As of October 17, 2013, the government shutdown in effect since October 1, 2013 has come to an end. The shutdown had negatively impacted immigration processing in matters handled by the Department of State, United States...more
U.S. Congress’s failure to reach a budget deal has caused a partial shutdown of U.S. government offices and services. The full extent to which the government shutdown will impact various aspects of the immigration process is...more
Effective October 1, 2013, U.S. federal government operations are experiencing a lapse in appropriations due to the inability of Congress to pass a funding bill. Following are implications on immigration-related government...more
On October 1, 2013, the U.S. Federal Government implemented a shutdown after Congress failed to reach an agreement on appropriations. As a result, several federal agencies involved in processing immigration benefits have...more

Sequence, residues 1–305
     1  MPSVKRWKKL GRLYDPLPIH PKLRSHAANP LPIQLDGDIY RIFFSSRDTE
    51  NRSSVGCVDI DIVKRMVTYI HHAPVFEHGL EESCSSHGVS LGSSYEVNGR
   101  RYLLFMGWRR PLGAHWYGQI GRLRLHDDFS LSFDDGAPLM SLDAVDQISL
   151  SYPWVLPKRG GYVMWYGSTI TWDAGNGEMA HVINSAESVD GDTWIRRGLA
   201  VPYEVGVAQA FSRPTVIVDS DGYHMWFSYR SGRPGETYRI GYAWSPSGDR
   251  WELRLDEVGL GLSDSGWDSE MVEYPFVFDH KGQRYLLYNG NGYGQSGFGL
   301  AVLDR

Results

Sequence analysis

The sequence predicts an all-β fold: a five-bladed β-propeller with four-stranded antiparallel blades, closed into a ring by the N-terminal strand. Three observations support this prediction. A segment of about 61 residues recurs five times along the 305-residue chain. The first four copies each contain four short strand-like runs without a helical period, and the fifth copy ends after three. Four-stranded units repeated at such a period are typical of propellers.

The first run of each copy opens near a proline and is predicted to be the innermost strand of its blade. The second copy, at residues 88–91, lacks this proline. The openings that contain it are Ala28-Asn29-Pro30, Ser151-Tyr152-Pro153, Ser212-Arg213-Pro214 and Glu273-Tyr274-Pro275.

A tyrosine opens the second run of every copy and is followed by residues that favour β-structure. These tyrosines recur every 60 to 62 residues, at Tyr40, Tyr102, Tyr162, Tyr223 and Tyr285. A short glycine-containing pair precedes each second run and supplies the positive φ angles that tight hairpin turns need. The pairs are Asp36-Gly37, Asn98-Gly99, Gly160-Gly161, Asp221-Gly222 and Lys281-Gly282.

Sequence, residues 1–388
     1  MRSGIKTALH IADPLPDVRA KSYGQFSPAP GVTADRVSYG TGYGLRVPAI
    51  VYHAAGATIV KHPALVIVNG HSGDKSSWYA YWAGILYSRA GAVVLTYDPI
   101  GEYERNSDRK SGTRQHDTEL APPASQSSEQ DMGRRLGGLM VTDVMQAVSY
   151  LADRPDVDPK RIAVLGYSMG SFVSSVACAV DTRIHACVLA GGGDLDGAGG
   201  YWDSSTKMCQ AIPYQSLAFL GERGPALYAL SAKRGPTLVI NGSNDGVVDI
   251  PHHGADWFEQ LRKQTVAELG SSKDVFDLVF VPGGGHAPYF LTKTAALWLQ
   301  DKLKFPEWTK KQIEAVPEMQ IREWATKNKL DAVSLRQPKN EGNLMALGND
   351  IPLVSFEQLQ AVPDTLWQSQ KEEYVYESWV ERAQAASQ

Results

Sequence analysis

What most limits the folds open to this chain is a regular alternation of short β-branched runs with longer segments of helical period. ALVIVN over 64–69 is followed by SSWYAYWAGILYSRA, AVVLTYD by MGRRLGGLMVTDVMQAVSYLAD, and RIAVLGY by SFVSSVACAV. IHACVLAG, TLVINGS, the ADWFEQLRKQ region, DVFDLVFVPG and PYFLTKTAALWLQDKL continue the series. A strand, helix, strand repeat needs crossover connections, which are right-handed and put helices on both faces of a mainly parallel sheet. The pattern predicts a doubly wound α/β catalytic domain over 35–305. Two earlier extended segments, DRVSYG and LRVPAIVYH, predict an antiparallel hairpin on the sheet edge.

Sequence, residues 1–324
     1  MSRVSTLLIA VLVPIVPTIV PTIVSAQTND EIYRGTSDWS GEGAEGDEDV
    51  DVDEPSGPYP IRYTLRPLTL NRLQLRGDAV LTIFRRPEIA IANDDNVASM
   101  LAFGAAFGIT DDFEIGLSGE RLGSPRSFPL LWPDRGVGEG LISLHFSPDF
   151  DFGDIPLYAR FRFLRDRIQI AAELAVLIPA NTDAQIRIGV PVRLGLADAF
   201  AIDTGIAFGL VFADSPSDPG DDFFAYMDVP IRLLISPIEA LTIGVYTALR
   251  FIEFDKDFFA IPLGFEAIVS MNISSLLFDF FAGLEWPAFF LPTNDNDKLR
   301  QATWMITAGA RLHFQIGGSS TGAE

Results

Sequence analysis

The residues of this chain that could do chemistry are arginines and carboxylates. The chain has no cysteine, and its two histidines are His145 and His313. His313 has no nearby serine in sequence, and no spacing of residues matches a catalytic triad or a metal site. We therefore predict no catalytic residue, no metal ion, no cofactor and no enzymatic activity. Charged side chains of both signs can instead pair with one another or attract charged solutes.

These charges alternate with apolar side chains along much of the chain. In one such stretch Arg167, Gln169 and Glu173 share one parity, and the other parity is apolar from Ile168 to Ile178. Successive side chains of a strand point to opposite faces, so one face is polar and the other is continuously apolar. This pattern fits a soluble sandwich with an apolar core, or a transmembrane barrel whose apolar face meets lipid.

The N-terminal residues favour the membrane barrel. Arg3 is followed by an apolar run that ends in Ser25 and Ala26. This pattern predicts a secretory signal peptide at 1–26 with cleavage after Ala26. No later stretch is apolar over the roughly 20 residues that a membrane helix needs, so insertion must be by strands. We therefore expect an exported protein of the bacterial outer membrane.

Here is some preliminary information about what to expect while the government shutdown is in effect:
The E-Verify system is not accepting cases and will cease processing pending cases for the...more
If the U.S. House of Representatives and U.S. Senate fail to pass a bill financing the federal government, it will likely result in a partial government shutdown on October 1, 2013. The effect of a shutdown will vary among...more
The looming prospect of a Government shutdown will have a significant impact on the immigration process. Activities of the U.S. Citizenship and Immigration Services (USCIS) will be largely unaffected because it is funded by...more
On March 1, 2013, the Budget Control Act, including sections mandating across-the-board budget cuts to federal agencies (known as “sequestration”), went into effect. The sequester is likely to negatively impact immigration...more
The automatic spending cutback is expected to result in diminished immigration-related services.
It is anticipated that the sequester (the automatic spending cutback that went into effect on March 1, 2013) may result...more
If you are applying for permanent residence in the United States, how do you figure out how long it will take? This seems like an easy question, but like many things with immigration, it can be complicated.